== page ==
New report from research group suggests stricter driving rules

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SALT LAKE CITY -- The Utah Foundation, an influential public policy research group, will publish a report suggesting a range of changes to the rules of the road in Utah, with just about each one making someone angry.

The report, titled "Utah in the Fast Lane" looks at seat belt use, helmet laws, teen driving restrictions, drunk driving and driving while distracted by an electronic device.

It's in that last category the report may raise the most eyebrows.

"Talking on a cell phone driving impairs you as much as driving drunk," said Melissa Proctor, the author of the report.

Utah law currently bans using a cell phone for reasons other than answering a call while driving, but researchers at the Utah Foundation say current science makes it clear that's not enough.

"It turns out that hand-held and hands-free phone calls are equivalently distracting," Proctor said.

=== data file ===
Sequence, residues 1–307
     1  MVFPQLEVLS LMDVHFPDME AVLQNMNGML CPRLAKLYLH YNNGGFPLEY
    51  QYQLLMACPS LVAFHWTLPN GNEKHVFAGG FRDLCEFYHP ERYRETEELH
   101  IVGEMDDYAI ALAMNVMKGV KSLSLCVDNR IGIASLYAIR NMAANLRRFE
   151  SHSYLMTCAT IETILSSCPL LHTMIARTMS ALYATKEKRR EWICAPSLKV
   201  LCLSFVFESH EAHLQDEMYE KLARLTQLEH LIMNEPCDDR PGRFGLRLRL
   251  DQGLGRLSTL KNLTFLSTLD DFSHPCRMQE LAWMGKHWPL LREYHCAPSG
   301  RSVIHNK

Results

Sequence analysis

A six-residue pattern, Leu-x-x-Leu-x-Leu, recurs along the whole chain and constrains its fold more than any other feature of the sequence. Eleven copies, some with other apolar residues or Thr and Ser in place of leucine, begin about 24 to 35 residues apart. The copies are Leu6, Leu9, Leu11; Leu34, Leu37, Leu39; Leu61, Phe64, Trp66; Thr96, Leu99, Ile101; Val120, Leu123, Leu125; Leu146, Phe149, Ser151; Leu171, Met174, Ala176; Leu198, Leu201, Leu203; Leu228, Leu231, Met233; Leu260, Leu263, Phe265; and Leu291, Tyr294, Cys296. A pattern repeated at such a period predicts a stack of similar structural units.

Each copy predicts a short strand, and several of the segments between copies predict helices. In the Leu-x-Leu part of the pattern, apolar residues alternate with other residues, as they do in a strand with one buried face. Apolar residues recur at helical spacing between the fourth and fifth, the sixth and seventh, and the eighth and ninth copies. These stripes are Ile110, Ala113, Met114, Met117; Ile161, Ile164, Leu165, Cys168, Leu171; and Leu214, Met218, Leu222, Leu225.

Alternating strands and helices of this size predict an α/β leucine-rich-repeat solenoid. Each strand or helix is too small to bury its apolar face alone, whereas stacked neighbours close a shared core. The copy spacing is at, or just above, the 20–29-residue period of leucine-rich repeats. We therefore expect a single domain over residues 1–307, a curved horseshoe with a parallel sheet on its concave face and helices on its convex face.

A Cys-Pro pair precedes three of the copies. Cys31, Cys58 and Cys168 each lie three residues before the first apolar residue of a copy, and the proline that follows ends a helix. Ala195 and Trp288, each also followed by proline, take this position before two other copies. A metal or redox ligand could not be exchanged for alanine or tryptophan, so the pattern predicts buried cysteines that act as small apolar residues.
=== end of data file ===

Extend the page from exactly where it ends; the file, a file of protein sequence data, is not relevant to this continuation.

Among other conclusions from the report state, teenagers should be subject to more driving restrictions, including expanding the current driving curfew for 16-year-olds to start at 9 p.m. rather than midnight.

"Most teens who die in traffic accidents die between the hours of 9 p.m. and midnight," Proctor said.

The report also includes statistics showing that states with mandatory helmet laws for motorcyclists have about 90 percent helmet use compared to Utah where helmet use is slightly more than 50 percent.

See the full interview with Melissa Proctor, author of the "Utah in the Fast Lane" report,  in the video below.